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Commonwealth v. Barry

Supreme Judicial Court of Massachusetts, Middlesex

February 12, 2019

COMMONWEALTH
v.
ANTHONY BARRY (and nine companion cases).

          Heard: October 5, 2018. [1]

          Indictments found and returned in the Superior Court Department on July 23, 1999. The cases were tried before Robert A. Barton, J.; a motion for a new trial, filed on May 17, 2002, was heard by Elizabeth Butler, J.; and a second motion for a new trial, filed on November 20, 2014, was heard by Robert B. Gordon, J.

          Rosemary Curran Scapicchio (Jillise McDonough also present) for Anthony Barry.

          Claudia Leis Bolgen for Brian Cahill.

          Casey E. Silvia, Assistant District Attorney (Timothy Ferriter, Assistant District Attorney, also present) for the Commonwealth.

          Present: Gants, C.J., Gaziano, Lowy, & Budd, JJ.

          LOWY, J.

         Shortly after midnight on April 17, 1999, Kevin McCormack and Brian Porreca were part of a group leaving a bar in Maiden with plans to continue their night at a club in Boston. They never made it. As the group prepared to leave, Porreca saw two longtime friends, Anthony Barry and Brian Cahill, run up to the vehicle that the group was entering. While Cahill stayed on the passenger side of the vehicle, shooting an Uzi at it, Barry fired a handgun into the back of McCormack's head as he sat in the driver's seat. Porreca and one of the women in their group were also shot, and Porreca retreated into the bar. Based largely on Porreca's testimony, Barry and Cahill were convicted of murder in the first degree.[2]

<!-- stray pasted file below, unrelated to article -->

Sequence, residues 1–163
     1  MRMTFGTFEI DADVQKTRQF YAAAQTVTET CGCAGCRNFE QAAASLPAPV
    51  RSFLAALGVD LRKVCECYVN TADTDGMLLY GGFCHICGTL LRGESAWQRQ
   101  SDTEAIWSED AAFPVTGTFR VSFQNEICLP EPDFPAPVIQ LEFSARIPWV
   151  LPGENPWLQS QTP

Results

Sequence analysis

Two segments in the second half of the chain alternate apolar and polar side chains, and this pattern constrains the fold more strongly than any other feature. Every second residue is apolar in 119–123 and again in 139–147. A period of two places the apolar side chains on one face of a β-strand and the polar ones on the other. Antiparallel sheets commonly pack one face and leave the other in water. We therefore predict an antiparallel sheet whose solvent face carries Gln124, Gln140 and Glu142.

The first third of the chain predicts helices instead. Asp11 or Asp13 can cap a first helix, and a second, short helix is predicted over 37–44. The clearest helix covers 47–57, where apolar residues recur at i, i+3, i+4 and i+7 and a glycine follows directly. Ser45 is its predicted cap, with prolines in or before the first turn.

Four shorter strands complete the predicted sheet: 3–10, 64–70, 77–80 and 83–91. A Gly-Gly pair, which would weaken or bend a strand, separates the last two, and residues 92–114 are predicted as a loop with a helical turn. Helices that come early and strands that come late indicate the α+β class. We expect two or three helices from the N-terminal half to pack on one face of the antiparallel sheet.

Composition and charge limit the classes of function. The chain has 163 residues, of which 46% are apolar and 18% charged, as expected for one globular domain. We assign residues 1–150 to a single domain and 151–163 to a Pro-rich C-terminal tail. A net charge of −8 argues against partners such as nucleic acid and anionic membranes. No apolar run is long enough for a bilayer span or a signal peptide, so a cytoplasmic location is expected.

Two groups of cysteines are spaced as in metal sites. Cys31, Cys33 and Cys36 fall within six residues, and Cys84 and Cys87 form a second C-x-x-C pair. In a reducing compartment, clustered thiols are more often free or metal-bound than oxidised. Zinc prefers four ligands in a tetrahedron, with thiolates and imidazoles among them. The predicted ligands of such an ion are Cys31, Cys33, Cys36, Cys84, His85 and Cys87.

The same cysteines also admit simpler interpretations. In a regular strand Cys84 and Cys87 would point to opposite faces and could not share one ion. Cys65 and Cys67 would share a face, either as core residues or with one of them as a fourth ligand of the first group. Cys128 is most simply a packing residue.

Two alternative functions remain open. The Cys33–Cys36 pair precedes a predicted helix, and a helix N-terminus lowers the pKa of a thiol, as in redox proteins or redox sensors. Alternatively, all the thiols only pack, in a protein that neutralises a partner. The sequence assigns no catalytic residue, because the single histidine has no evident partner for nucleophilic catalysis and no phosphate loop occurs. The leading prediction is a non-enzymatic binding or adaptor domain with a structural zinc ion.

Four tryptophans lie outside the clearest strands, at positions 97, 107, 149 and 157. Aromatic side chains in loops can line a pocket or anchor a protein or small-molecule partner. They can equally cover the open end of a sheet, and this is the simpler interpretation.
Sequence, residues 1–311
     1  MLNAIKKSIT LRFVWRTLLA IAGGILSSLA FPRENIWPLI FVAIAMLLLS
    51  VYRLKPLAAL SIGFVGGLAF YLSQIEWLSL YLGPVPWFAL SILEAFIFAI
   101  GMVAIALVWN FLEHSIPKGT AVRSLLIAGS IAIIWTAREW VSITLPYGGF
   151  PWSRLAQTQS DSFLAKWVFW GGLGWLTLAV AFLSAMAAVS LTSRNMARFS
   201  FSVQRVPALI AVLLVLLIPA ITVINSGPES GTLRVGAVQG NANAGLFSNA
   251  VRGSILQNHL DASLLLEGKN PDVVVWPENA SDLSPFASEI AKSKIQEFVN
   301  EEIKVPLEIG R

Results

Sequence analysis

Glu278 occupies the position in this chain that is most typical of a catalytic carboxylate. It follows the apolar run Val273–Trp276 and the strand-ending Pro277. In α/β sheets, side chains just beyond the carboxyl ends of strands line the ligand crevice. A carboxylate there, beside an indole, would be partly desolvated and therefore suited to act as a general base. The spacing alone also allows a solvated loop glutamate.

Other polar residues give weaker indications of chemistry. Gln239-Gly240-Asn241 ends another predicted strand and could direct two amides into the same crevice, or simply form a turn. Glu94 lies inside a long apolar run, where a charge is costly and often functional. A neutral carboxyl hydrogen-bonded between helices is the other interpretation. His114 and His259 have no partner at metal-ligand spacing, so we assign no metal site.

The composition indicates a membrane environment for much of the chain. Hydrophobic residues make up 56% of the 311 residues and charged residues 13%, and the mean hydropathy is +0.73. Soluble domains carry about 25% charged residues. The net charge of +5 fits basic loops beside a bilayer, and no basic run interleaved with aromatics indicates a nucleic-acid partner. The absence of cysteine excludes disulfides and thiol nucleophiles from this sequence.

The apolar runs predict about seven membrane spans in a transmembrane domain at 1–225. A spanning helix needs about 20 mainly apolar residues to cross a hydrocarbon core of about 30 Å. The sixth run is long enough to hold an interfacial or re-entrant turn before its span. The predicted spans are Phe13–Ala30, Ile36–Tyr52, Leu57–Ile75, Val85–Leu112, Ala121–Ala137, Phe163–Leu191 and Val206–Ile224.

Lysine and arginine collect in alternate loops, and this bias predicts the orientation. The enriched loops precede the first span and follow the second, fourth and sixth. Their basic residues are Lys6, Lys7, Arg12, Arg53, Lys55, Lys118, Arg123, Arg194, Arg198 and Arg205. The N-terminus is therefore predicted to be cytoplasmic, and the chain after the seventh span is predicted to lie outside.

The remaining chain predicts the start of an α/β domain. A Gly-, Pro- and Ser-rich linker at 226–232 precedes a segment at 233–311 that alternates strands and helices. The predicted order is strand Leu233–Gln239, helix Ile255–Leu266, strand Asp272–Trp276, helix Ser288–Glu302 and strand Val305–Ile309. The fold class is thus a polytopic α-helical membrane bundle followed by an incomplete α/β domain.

The defendants each filed two motions for a new trial, each of which was denied. Their direct appeal is consolidated with their appeal from the denial of those motions, and they argue that multiple reversible errors occurred both during and after trial. We consider whether (1) there was sufficient evidence to support each defendant's murder conviction; (2) the Commonwealth withheld exculpatory evidence in violation of Brady v. Maryland, 373 U.S. 83 (1963); (3) newly discovered evidence warranted a new trial; (4) expert testimony regarding deoxyribonucleic acid (DNA) violated the defendants' rights to confrontation and due process; (5) the defendants' right to a public trial was violated; (6) discovery violations implicated the confrontation clause; and (7) a motion for the disclosure of a confidential informant's identity was erroneously denied. We affirm.

         Background.

         1. The shooting.

         We recite facts that the jury could have found and that are necessary to resolve the defendants' appeal, reserving some facts for later discussion. Porreca met some friends, including McCormack, at a bar in Maiden on the night of April 16, 1999. While there, Porreca drank four or five beers before he, McCormack, Lindsay Cremone, Kristen Terfry, Stephen Almeida, and John Whitson decided to go to a club in Boston. The group left the bar at 12:15 A.M. on April 17 and proceeded to Cremone's sister's car. McCormack sat in the driver's seat, Terfry sat in the front passenger seat, Cremone sat in the rear driver's side seat, and Porreca was preparing to enter the rear seat on the passenger's side[3] when he heard voices in the parking lot and looked up to see Barry and Cahill running in their direction. The men wore dark hoods that covered their ears, hair, and heads, but left their faces exposed. Cahill ran toward the passenger's side of the vehicle and fired a nine millimeter Uzi-type semiautomatic weapon into it, striking McCormack several times and shooting Porreca and Cremone twice each. Porreca had seen Barry running toward the driver's side of the car, and Cremone testified that a man ran to the driver's side of the vehicle, put a gun to McCormack's head, and shot him.